World famous tennis player and openly out athlete, Billie Jean King, suggested that instead of boycotting the Winter Olympics, the LGBT community and allies should use the event as an opportunity to take action.
King, who was appointed by President Obama to represent the United States in the delegation for the opening ceremony of the 2014 Winter Olympics in Russia, told CNN, “Maybe we should wave rainbow flags or something, I don’t know.” She added, “As long as we’re not being malicious…we can show our feelings.”
Ever since Russian President Vladimir Putin outlawed “gay propaganda,” the Olympics have stirred controversy across the world, as many find the anti-gay legislation to be a blatant violation of human rights.
Scores of activists, several countries, political leaders, and even some sponsors have suggested boycotting the event. This year will mark the first in a decade that neither the current United States president, First Lady, or any former US presidents will not attend the Olympics.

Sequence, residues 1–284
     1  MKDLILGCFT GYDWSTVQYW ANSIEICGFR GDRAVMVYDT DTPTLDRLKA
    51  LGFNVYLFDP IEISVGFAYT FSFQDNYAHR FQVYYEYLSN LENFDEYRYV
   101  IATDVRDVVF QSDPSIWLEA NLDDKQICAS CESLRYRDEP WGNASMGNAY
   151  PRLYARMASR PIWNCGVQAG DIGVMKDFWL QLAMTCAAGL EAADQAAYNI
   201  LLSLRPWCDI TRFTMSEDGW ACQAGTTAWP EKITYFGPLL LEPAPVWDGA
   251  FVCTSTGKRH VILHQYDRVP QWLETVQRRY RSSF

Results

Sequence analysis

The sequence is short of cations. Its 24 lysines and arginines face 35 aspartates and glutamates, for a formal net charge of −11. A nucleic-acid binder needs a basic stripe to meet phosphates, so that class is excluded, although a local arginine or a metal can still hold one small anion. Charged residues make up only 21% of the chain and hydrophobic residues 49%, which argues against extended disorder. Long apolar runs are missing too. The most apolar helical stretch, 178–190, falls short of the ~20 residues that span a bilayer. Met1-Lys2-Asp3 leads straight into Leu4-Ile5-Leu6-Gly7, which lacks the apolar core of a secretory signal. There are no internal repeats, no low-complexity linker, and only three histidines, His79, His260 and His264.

However, openly gay King will be there. “I’m very proud to go as an athlete, and as a gay woman,” King said. “I’m thrilled.”
“I’m not real big on boycotting…It has to be absolutely a last resort,” she said. “I think it’s more important to go and be there, and be involved, and be committed to trying to help change—and trying to let people also know if you’re gay that you’re not alone.”
Obama’s decision to send King and two other out representatives in the delegation suggests some message to President Putin and the world, one which demonstrates the value America places on diversity.